Croatian fans that harassed Milan Borjan: If you don’t know, the starting goalkeeper for the CanMNT, Milan Borjan, was born a Croatian Serb in the Croatian town of Knin in 1987. His family fled the country in 1995 during the Croatian War of Independence before eventually immigrating to Canada. Well, Croatian fans knew, and apparently his personal cell phone number got spread around on the internet resulting in his phone being swamped with abusive and insulting messages. There were also fans positioned behind the goal with a flag insulting him; it’s all pretty not great. This is a lot worse than banter, and while there was certainly no love lost between the two teams or fans before or after the game, this is beyond the bounds of sports. This sucks.

Storylines to watch on Day 9

2:00 AM Cameroon vs. Serbia: Nouhou Watch is back on. If you’re staying up late or rising early, this has to be the only reason for doing it, unless you’re Cameroonian or Serbian, obviously. This is Cameroon’s best chance of getting a win in the tournament, as Brazil’s seemingly got a point to prove. Nouhou’s likely assignment will be limiting left wingback Andrija Zivkovic’s ability to provide service from out wide.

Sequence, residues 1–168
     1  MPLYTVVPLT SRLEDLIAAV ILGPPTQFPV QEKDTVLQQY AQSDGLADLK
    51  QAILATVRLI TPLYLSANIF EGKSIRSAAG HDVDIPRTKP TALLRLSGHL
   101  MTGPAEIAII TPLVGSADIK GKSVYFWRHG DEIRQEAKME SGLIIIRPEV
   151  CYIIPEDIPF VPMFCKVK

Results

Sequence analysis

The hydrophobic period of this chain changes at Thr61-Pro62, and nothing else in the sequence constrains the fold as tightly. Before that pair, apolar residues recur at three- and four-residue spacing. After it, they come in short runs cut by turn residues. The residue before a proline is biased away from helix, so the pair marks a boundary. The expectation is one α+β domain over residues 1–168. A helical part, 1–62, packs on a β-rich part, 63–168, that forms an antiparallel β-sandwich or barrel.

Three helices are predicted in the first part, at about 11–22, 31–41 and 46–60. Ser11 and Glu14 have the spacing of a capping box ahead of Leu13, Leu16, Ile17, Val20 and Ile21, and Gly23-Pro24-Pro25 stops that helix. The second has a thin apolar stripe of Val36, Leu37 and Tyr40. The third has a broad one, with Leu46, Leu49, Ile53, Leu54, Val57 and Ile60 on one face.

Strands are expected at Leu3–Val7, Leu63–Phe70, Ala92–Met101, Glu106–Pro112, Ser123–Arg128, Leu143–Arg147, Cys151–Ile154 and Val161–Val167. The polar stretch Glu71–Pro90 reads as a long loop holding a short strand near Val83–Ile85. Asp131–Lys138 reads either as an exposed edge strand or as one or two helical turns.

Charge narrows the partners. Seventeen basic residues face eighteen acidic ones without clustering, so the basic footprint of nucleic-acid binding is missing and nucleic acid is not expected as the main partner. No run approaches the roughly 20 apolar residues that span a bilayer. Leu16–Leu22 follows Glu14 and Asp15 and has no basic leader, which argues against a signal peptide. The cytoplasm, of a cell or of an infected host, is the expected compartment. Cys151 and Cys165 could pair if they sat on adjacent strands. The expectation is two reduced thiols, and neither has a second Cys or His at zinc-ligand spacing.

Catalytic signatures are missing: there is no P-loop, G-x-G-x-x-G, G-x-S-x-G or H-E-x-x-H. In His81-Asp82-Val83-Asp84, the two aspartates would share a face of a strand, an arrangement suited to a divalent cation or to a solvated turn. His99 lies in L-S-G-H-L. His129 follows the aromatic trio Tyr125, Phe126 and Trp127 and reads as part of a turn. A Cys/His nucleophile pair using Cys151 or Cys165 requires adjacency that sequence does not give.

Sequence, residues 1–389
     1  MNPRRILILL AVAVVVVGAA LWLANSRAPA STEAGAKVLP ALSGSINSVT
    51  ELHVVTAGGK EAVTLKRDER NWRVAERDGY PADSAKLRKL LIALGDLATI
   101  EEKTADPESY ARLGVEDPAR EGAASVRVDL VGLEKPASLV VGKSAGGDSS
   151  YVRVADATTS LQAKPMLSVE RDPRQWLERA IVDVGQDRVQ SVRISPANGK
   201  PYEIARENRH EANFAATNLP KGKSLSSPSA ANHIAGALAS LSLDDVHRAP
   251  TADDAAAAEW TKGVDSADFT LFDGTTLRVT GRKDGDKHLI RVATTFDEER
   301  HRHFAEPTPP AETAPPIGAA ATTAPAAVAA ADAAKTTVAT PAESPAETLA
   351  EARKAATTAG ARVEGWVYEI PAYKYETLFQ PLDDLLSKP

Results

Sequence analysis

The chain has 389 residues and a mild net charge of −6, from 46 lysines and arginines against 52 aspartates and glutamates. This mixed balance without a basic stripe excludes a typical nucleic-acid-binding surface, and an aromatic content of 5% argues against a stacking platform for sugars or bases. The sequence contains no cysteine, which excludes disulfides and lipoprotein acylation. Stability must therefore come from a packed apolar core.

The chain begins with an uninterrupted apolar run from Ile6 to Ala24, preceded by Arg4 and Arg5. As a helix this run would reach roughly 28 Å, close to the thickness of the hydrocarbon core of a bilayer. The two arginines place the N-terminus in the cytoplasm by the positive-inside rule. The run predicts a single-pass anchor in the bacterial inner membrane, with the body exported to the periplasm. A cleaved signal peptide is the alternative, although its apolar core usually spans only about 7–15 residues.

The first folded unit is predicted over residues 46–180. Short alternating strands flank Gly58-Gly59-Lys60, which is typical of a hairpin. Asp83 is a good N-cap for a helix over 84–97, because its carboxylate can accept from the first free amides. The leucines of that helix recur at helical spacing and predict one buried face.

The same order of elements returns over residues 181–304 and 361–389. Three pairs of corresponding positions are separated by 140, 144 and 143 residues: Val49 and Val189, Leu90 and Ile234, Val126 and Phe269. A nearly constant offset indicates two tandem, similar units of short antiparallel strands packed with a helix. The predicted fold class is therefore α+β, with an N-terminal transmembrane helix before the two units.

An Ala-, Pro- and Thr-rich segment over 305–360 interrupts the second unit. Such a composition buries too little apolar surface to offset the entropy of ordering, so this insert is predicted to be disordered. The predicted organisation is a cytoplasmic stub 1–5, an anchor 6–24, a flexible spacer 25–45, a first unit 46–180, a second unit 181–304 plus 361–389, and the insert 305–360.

Watch the game on FS1, Telemundo, or streaming on and Peacock.

5:00 AM Korea Republic vs. Ghana: Ghana will probably be hoping for a little less excitement than their first game offered, while South Korea will be hoping for a little more. With Portugal the only team on 3 points in Group H heading into the second round of games, a win would be huge for both teams, but especially Korea, who still have Portugal to come in their final Group Stage game. Can Son Heung-min provide some heroics?